In the meantime, we are promoting close cooperation with our neighbors, including Russia, Lithuania, Ukraine, and Belarus. We are pursuing a policy of regional activity and hope to put an Eastern European free trade agreement, SAFTA, into operation by 1998. This will mean free movement of labor, services, and capital among Poland, the Czech Republic, Slovakia, Hungary, Slovenia, Bulgaria, Romania, and Lithuania, giving investors access to a market of 100 million people with no custom duties on agricultural produce.


Arnold B. Pollard (CE): How has the free flow of capital and repatriation of funds changed over the last year and a half, and how will it continue after the recent elections?

Oleksy: The elections did not affect economic freedoms. Having a free-market economy is a predetermined affair and not subject to any political discussions. The elections were presidential ones, and the president has no constitutional powers applicable to the economy. Obviously, he can veto some laws, but the government has a parliamentary majority, which can override the veto.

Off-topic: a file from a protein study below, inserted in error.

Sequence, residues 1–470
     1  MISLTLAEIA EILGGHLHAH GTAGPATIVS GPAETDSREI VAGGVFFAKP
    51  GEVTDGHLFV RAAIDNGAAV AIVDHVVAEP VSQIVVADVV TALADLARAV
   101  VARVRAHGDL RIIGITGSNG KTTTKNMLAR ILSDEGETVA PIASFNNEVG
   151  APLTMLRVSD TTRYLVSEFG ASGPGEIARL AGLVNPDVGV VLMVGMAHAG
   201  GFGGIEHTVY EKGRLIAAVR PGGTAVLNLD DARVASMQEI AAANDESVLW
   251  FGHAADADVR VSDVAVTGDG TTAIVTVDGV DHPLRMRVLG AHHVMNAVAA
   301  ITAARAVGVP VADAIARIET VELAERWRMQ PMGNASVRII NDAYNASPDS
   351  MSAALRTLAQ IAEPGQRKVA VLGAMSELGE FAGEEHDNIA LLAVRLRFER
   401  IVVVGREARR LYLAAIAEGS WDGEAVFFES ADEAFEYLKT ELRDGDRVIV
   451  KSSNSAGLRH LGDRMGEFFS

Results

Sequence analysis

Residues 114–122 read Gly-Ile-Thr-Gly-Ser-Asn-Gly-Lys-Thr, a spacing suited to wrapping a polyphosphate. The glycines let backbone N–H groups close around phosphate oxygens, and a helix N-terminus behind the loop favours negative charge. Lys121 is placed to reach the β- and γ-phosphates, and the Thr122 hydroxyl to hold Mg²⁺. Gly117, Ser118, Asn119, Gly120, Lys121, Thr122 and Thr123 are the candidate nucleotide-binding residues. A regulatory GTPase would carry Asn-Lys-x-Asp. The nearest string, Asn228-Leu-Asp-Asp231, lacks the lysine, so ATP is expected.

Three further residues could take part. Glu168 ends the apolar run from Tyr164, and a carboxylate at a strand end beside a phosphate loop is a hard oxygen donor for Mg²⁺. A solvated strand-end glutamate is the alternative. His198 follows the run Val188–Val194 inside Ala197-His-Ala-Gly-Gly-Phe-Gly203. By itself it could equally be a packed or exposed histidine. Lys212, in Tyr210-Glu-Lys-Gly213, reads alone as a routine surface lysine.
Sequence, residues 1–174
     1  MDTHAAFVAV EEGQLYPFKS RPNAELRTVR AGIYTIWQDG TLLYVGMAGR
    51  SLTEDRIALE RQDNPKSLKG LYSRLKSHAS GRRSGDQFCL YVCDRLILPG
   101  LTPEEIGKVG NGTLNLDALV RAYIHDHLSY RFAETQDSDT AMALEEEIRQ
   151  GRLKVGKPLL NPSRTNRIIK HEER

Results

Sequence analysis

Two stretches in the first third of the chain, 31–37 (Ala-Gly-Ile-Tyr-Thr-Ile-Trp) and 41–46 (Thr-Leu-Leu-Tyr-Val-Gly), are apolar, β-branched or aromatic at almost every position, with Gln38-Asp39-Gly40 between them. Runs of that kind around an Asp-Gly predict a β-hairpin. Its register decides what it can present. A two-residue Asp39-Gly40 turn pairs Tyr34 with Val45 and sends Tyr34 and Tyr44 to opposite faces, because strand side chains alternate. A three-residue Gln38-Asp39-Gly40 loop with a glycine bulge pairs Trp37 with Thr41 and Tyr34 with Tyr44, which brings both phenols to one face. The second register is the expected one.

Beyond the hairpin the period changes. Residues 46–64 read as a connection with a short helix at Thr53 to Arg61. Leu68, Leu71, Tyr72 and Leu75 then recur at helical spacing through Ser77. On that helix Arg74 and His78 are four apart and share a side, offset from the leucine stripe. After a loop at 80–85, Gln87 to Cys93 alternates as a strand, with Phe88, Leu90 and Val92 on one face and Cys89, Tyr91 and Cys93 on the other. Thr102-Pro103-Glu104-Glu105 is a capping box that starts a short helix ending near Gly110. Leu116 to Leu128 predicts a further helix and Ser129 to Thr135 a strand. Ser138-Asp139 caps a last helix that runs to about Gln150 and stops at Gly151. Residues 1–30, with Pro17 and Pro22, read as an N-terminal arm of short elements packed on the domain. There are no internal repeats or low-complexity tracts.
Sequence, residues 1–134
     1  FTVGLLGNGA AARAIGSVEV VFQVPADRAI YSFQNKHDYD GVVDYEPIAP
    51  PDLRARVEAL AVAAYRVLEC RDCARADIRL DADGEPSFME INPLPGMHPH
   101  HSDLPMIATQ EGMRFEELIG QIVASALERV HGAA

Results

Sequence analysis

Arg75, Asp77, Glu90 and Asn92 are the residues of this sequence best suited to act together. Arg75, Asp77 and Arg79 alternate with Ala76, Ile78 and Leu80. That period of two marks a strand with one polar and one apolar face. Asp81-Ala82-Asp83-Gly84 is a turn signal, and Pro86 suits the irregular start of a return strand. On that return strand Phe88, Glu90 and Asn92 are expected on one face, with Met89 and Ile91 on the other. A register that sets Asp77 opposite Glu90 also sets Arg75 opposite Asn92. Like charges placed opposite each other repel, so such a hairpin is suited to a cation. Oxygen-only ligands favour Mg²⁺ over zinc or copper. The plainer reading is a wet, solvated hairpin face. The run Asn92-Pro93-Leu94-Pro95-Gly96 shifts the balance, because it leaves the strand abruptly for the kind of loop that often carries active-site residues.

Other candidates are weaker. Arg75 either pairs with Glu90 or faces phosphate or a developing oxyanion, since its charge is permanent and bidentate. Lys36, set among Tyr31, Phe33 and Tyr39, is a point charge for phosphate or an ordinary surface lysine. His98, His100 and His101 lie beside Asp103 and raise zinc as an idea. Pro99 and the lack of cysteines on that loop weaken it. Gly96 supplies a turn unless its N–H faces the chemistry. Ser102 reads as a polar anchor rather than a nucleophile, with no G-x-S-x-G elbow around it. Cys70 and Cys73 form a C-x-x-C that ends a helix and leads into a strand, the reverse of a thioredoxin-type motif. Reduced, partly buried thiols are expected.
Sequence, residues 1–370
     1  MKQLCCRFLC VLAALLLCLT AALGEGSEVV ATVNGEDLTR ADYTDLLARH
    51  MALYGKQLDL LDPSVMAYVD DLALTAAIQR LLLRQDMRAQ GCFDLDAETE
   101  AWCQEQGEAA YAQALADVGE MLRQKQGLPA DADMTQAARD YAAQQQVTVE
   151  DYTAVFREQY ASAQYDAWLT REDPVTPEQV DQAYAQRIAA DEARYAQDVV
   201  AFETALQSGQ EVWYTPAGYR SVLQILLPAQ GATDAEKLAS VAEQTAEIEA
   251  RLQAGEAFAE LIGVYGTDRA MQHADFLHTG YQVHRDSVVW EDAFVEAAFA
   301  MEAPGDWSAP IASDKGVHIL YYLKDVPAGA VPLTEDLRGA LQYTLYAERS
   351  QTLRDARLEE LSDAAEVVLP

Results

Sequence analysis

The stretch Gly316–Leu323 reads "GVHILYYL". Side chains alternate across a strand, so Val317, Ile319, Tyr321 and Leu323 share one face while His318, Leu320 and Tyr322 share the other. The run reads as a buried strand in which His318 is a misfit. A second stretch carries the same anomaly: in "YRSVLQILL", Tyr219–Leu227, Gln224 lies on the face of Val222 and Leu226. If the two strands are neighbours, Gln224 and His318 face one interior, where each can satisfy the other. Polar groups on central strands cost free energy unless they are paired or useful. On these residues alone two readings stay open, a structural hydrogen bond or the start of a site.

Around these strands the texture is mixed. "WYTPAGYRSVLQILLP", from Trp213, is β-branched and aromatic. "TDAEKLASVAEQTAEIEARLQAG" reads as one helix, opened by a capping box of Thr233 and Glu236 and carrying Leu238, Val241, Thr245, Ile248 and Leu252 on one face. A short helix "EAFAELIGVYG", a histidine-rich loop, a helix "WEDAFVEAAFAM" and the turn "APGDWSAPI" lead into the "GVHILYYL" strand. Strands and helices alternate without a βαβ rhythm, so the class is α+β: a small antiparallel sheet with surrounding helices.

Andrzej Wieczorkiewicz (Undersecretary of State, Office of the Council of Ministers): We have no trouble with the repatriation of capital and profits, though there may be some technical obstacles because of weaknesses in our banking system. However, more and more foreign banks are opening branches here, so that problem is being solved. While we have never had any problems regarding companies’ financing techniques, the cabinet and prime minister have decided to organize fluctuations in foreign exchange rates. Also, a new amendment is in the works authorizing companies to keep foreign currencies for some period of time, perhaps six months.

H. Onno Ruding (Citicorp/Citibank): In the first years of Poland‘s privatization process, the dominant force of foreign investment was related to consumer products, which require more short-term investments. Now, many people in the West question whether Poland can attract longterm capital investments.